Trump has long been a fixture of New York's economic and social elite as a real estate and hotel tycoon, but he had never sought political office before this campaign cycle. According to the New York Times, he didn't even play an especially prominent behind-the-scenes role in New York politics for most of his career. Yet over the past year, he has been able to parlay his wealth and media savvy into a front-running presidential campaign.

"He fits like a glove to the predictions of the theory," said Turchin. "He is an elite aspirant."

Trump also has implemented what Turchin described as a winning strategy for other "frustrated elite aspirants" throughout history: mass mobilization of economically struggling people across the country.

In Turchin's cliodynamics model, "absolute immiseration" is the flip side to elite overproduction. As nations become more unequal, it's not just the upper class that gets bigger. More and more people also fall to the bottom rungs of the economic ladder, where they become angry and disaffected with the political process. Frustrated elite aspirants are well placed to harness that anger.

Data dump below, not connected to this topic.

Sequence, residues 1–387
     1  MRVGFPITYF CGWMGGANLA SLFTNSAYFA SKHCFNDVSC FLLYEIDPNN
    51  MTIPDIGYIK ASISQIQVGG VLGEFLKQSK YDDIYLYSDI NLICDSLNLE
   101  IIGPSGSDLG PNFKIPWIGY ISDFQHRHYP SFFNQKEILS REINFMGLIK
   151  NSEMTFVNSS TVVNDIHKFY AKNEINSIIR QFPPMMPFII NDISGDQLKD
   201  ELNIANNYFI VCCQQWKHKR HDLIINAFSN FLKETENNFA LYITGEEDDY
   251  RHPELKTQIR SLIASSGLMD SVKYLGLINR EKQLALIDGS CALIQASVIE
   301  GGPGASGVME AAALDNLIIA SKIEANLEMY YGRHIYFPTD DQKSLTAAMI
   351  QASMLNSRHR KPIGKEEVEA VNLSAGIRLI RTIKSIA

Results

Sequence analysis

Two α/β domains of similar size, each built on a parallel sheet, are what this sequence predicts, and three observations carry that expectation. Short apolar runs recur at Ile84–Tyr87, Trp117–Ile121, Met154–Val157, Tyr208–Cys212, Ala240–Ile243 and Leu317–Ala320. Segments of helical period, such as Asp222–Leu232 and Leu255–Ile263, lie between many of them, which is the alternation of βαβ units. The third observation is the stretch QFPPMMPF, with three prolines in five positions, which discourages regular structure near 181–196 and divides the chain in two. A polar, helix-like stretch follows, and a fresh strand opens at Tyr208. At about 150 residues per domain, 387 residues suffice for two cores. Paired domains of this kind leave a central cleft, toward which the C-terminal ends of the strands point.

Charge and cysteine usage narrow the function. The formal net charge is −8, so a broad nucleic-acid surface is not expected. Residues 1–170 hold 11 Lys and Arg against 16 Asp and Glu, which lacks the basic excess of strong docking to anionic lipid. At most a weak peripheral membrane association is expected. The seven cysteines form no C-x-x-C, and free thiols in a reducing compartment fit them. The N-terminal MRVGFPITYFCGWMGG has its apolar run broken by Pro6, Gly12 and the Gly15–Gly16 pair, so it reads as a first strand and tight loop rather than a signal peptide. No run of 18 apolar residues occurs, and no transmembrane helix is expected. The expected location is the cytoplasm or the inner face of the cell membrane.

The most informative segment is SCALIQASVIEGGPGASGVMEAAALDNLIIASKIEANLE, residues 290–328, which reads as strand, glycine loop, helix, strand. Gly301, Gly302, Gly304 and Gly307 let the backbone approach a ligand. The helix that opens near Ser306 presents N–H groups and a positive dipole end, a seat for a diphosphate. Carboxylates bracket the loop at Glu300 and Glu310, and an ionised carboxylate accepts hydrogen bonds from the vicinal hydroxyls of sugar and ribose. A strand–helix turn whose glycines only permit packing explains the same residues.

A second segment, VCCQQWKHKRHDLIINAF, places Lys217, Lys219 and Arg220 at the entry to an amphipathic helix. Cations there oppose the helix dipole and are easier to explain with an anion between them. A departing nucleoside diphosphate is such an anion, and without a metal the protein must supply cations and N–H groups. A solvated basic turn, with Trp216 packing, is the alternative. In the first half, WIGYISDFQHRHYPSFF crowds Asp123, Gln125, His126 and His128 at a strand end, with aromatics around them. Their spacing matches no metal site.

GettyImages-499297026 Ancient Rome's colosseum is illuminated during the International Day of Cities for Life, Cities against the Death Penalty, on Nov. 30, 2015. Photo: Tiziana Fabi/AFP/Getty Images

One key takeaway of Turchin's model is that Trump is a product of broader social and economic forces, not their cause. Even if he loses the Republican nomination, it is extremely likely that both absolute immiseration and elite overproduction will continue to worsen, which in turn will give rise to more mass movements led by frustrated elites. In fact, Turchin believes there is already another candidate who fits that mold in the Democratic race.